Under Two Leaders, Lie One Community

Communities may be seen as a complex grouping of people or figures, but can be brought upon each other through the simplest of ideas. Bonds may be created and communities may be unified through ideas as simple as food and enemies. This can be seen in Iwaya Sazanami’s story of Momotaro, The Story of Peach Boy as well as in the anime Momotaro’s Sea Eagles, directed by Seo Mitsuyo. Both of these works depict the tale of Momotaro in which he sets out to defeat his enemy to save Japan.  Though, similar in story, however, both works hold their own distinctions and variations. Even with their differences, ideas of community building can still be seen to be paralleled. Such ideas can be seen in the use of millet dumplings to show camaraderie, the idea of happiness to create bonds, and the idea of sharing a common enemy to bring groups together. Community building can be seen in both the story as well as in the anime through the use of food, happiness of children, and a common enemy.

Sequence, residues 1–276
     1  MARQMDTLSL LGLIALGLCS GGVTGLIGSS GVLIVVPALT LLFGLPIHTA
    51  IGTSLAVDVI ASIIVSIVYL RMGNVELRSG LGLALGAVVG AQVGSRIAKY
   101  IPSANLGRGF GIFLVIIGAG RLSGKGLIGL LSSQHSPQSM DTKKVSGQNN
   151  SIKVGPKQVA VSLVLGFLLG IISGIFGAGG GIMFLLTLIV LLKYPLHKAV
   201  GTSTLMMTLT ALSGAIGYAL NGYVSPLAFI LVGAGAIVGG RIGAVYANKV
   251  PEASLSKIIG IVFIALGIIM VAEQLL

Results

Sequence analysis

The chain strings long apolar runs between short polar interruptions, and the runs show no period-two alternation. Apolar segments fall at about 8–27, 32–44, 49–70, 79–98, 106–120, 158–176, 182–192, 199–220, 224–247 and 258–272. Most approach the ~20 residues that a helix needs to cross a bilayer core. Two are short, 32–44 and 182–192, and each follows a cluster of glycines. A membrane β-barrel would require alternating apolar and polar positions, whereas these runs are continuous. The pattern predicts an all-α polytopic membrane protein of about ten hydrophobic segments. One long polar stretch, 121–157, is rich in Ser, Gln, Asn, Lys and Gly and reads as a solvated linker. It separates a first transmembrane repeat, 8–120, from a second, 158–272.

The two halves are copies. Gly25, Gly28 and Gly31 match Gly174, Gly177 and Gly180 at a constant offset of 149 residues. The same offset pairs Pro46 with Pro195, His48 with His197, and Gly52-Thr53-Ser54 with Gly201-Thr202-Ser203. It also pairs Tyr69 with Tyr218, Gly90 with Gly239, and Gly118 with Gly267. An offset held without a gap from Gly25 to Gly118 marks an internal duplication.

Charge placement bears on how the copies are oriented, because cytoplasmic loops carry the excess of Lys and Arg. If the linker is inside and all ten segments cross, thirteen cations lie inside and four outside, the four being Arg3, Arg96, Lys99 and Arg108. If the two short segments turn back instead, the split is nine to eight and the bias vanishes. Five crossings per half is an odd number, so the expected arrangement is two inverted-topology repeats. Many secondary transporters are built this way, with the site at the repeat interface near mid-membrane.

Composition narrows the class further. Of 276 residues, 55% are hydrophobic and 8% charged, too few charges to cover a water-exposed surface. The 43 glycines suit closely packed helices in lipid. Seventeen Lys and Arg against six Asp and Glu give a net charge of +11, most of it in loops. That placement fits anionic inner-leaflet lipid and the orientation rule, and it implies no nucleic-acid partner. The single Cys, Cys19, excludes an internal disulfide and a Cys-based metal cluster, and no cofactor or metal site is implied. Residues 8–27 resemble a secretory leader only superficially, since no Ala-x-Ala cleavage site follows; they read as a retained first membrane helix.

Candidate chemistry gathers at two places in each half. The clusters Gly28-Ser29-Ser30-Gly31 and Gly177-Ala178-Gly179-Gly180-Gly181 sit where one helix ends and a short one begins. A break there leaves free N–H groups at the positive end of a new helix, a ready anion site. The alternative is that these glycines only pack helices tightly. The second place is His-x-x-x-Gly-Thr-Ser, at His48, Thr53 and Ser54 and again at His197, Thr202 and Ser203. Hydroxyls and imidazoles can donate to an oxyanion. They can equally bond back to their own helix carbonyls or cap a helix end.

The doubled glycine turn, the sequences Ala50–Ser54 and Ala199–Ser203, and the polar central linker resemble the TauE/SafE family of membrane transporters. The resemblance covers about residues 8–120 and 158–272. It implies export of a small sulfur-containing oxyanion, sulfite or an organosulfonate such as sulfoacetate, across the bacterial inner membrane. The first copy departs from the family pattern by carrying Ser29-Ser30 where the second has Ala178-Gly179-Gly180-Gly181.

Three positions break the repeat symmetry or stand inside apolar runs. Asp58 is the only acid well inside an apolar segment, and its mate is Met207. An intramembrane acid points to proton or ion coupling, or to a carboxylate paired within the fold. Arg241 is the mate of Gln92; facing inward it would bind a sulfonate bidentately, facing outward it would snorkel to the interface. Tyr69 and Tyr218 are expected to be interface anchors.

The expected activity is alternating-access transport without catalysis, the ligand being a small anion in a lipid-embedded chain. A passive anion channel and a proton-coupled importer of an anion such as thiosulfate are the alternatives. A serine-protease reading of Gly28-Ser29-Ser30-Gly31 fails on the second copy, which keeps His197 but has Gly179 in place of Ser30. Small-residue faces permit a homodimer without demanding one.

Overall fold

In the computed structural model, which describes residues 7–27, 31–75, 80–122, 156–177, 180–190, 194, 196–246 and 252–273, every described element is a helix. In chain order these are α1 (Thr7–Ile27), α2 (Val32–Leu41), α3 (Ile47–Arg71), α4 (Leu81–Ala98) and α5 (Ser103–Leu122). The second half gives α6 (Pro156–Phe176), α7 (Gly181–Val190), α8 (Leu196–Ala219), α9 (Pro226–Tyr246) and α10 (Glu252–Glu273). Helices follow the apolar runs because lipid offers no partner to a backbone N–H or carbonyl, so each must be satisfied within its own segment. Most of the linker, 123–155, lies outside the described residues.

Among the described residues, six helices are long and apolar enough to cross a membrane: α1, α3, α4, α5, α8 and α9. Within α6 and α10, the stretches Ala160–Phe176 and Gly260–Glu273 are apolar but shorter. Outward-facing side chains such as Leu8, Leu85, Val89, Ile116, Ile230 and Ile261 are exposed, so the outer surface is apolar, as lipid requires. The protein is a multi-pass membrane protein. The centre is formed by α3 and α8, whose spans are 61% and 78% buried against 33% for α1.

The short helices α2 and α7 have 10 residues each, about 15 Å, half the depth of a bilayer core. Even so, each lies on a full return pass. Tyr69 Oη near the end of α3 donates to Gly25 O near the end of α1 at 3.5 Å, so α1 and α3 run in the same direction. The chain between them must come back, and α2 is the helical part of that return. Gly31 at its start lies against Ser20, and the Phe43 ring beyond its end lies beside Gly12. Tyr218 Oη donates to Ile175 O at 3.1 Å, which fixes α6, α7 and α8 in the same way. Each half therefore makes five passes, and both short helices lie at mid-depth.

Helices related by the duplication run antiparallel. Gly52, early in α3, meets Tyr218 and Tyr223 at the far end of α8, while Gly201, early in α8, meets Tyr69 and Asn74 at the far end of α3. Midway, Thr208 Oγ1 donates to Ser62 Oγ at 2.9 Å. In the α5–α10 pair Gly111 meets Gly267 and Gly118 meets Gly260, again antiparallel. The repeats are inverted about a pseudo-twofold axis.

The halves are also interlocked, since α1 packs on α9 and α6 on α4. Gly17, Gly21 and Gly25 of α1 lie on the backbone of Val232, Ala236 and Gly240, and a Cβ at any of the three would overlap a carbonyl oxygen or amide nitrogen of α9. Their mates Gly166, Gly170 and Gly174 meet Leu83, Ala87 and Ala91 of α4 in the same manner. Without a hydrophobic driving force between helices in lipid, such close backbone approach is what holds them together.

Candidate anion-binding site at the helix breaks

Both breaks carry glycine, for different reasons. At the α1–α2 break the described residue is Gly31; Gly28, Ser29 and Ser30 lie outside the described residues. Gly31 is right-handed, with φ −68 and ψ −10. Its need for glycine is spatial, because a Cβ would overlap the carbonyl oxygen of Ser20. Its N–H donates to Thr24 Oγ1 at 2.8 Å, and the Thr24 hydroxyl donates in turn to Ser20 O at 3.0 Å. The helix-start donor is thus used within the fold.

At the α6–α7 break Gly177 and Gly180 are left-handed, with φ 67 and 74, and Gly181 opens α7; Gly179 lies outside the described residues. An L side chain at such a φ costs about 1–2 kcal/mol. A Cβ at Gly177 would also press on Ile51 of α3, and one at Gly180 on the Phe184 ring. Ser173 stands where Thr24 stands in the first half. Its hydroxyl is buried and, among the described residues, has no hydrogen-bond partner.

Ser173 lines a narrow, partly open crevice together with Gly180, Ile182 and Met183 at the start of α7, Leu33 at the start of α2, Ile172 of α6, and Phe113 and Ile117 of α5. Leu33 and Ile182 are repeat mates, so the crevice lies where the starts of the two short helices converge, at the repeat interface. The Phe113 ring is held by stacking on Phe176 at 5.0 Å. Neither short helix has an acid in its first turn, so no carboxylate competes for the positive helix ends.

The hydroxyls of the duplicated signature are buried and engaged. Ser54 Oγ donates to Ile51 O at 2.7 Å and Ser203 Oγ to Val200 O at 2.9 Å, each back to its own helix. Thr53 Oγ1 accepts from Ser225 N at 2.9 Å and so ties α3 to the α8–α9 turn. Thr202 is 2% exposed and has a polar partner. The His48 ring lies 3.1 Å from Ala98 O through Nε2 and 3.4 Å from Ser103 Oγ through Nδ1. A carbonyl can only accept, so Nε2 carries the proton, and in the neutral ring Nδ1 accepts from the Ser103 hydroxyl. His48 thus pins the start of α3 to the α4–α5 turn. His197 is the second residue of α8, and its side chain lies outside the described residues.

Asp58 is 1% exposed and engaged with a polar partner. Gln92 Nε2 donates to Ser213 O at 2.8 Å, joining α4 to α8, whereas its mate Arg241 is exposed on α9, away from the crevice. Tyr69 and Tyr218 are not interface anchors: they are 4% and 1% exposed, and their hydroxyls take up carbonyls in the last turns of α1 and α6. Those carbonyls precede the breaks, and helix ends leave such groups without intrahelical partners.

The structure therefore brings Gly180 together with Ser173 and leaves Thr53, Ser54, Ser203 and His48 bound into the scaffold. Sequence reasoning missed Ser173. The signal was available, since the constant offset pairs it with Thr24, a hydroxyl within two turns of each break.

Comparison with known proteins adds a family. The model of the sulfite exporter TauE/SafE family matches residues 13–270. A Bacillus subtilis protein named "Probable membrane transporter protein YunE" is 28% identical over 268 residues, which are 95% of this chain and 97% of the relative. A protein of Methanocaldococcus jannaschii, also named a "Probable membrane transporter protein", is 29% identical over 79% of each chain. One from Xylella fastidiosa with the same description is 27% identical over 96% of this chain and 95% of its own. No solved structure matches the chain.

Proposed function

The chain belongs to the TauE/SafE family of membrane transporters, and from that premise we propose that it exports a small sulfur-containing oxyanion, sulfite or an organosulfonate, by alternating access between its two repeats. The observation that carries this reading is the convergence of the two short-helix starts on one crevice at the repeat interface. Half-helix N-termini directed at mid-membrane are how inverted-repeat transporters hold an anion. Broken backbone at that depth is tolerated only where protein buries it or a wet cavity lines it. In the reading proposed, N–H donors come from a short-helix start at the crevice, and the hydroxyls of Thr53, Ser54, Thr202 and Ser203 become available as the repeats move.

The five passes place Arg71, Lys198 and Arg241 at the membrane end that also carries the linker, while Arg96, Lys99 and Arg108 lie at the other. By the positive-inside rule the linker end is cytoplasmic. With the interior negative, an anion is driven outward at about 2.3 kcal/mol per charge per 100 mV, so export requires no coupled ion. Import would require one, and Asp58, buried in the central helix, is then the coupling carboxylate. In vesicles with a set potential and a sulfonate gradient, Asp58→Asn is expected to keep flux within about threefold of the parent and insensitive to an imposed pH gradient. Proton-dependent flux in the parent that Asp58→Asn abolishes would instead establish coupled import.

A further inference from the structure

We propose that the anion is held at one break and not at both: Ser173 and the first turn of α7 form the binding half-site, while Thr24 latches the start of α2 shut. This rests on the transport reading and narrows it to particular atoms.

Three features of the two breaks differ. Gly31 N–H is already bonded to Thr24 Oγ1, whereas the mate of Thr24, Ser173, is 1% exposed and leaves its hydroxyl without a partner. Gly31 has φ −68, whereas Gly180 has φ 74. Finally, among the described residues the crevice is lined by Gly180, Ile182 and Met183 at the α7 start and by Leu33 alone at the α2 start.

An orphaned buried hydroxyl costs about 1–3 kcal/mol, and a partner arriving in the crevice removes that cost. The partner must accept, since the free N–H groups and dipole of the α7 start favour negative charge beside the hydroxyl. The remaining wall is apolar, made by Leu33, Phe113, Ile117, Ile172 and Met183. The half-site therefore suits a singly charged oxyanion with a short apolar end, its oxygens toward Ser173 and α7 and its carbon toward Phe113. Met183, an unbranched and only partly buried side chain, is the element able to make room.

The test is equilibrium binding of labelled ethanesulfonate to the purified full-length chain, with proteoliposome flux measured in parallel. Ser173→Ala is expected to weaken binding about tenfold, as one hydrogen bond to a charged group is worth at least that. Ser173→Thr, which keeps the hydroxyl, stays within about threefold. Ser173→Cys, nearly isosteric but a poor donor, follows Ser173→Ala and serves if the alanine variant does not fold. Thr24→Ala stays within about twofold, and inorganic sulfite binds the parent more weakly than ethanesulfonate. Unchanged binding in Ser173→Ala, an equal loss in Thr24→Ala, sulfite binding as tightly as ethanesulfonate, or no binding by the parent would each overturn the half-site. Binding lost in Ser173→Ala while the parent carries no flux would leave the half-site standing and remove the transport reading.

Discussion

The idea of food as a unifier can be seen in both the story and the anime when the millet dumplings are used to show camaraderie. This is seen in the story when Momotaro is first given millet dumplings by his father when he was about to head out to face the ogres. This is the first instance in which food was used to show affection. However, this is not the main use of the millet dumplings in this story. The main use can be seen during Momotaro’s actual voyage to conquer Ogres’ Island. During his trip, Momotaro meets three animals, a dog, monkey, and a bird, and during his confrontations, he gives each of them half a dumpling to join him in his destination. This can be seen when Momotaro states to the monkey, “In consideration of your good intentions, I will give you half of one of the best millet dumplings in Japan, and you may follow me” (23). Just like how the dog was given half a millet dumpling, the monkey was also given one as a sign of camaraderie and was due to the fact that he became Momotaro’s ally. The use of the dumpling was to obtain allies and through that, a community was formed as Momotaro ended up having three animals join him in his fight against the ogres. This idea can be similarly seen in the anime when one of the monkeys decides to help out a lost bird on the wing of the plane. In order to comfort the bird, the monkey grabs a bag with the label, “millet dumplings” and pulls out a toy plane. He then gives it to the bird which comforts the lost bird and soon after; the mother bird comes and takes his lost bird. In this scene, the use of millet dumplings may not be exactly the same as the story, but the idea is still similar. In replace of the dumpling, a toy plane which came from the dumpling bag was used in order to show camaraderie and this later plays out as the birds come help them at the end in their fight against evil. Both the millet dumpling of the story and the toy plane of the anime were used to signify friendship and camaraderie. Food was not the only sign of community building seen in the story and the anime as the happiness of children also played a large role.